"Clearly if the people don't want us there it's time for us to leave, but to leave in an orderly way where we don't create more problems on the way out," the officer said. "But it's got to be integrated with the Iraq government. I think there is a lot to be said for how we do it. That will be the proof -- whether or not we give them a chance to make it. We can't just pull the rug out. But we can't stay there forever either."

It's a forcing function; they (the Iraqis) have got to stand on their own two feet," he said. "But we have to do it in a way doesn't pull them out at the roots."

Another senior official with a long command deployment in Iraq warned that a U.S. troops withdrawal would diminish U.S.influence over Iraq's security forces, which have a spotty human rights record.

"It will remove our restraint on a culture in which detainees were not treated very well in the past (in an "eye for an eye" region)," he told UPI.

The officer endorsed the approach laid out in the Washington Post by Dennis Ross, a diplomat under President Bill Clinton and President George Herbert Walker Bush, the current president's father.

"I'd be more inclined to pursue the Dennis Ross approach after the elections and see if the Iraqi government is serious or not," he said.

The Iraq Study Group, a 10-member commission led by former Secretary of State James Baker and former House Foreign Relations Committee chairman Lee Hamilton, is studying possible future options for U.S. policies on Iraq. CBS News reported in October the group will recommend the withdrawal of five percent of American forces from Iraq every two months.

The Baker-Hamilton commission spent Monday at the White House meeting with top cabinet officials, including outgoing Defense Secretary Donald Rumsfeld, and Chairman of the Joint Chiefs of Staff Gen. Peter Pace. Robert Gates, Bush's nominee to replace Rumsfeld as secretary of defense, has resigned as a member of the ISG.

earlier related report
Wars And Elections
by William S. Lind - UPI Contributor Washington (UPI) Nov 14 - Lose a war, lose an election. What else should anyone expect, especially when the war is one we never had to fight? Had Spain defeated us in 1898, does anyone think Theodore Roosevelt would have been elected in 1900? A logical corollary is, lose two wars, lose two elections. With the war in Afghanistan following that in Iraq down the tube, 2008 may not be a Republican year.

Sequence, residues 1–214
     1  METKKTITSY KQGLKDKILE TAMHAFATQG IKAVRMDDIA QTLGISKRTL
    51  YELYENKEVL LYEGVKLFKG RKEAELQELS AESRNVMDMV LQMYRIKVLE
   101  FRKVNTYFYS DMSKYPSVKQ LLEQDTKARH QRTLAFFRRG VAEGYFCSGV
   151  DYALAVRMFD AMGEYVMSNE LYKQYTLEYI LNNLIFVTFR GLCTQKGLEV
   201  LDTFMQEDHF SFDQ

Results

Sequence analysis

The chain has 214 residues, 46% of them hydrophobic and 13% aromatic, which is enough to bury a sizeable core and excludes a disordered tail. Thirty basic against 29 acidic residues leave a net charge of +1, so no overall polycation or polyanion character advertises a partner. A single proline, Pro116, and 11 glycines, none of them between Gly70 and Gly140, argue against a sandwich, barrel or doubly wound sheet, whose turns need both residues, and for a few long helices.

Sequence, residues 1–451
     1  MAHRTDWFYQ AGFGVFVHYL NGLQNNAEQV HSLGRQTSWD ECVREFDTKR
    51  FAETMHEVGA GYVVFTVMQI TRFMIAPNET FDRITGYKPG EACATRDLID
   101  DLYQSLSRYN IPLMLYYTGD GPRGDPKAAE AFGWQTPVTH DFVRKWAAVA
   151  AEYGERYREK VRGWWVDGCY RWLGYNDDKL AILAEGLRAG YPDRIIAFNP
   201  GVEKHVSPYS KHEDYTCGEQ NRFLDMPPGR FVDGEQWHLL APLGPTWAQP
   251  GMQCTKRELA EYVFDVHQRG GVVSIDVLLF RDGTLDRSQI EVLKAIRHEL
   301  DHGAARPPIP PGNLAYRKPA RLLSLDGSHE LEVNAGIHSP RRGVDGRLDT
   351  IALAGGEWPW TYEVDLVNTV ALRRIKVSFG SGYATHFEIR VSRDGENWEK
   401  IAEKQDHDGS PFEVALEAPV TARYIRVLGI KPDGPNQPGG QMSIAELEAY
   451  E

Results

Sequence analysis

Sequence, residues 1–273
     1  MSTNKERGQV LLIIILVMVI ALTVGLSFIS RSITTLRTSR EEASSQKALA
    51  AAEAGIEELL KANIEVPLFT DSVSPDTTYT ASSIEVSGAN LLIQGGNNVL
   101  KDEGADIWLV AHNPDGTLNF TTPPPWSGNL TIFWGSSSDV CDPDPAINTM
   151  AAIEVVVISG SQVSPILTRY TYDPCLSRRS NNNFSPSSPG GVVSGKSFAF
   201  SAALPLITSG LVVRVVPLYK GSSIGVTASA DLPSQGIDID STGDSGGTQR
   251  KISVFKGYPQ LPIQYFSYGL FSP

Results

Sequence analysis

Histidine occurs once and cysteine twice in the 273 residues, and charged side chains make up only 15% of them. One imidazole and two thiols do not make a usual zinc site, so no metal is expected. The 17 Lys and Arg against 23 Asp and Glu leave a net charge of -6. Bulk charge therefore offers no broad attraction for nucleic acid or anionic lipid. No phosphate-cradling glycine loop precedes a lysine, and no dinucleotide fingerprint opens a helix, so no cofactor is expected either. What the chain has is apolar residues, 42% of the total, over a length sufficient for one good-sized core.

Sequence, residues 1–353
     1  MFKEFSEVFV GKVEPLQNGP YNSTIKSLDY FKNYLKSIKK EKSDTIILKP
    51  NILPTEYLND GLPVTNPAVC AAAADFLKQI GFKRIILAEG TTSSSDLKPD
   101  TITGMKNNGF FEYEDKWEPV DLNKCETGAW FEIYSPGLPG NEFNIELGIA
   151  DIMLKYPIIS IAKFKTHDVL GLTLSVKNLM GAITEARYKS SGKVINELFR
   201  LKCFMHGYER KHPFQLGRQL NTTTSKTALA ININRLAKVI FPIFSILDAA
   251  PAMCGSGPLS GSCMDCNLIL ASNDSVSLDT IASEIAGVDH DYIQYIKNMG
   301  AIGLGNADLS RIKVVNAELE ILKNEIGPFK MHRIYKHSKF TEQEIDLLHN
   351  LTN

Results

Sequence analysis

Even better, by 2008 the American people may have figured out that the two parties are really one party, neither wing of which knows or much cares what it is doing. The vehicle for this realization may once again be the war in Iraq. The next two years, rather than seeing us extricate ourselves from the Iraqi swamp, are likely to witness us floundering ever deeper into it.

The lesson of last week's election, in which the Republicans lost both Houses of Congress, will not be lost on either party. Both Republican and Democratic senators and congressmen will now agree that the war is a disaster we need to extricate ourselves from. The White House won't admit it, but it has to see the situation the same way. George Bush and Dick Cheney may not, but Bush's brain, Karl Rove, certainly does. The puppet must, in the end, obey the puppeteer.

What, then, will keep us in Iraq? While both parties want to get out, neither has nor will be able to create a consensus on how to get out. Not only will they be unable to generate a consensus between the parties, or between the executive branch and Congress, they will not be able to find consensus within either party on how the withdrawal is to be managed. The result will be paralysis and a continuation of the war.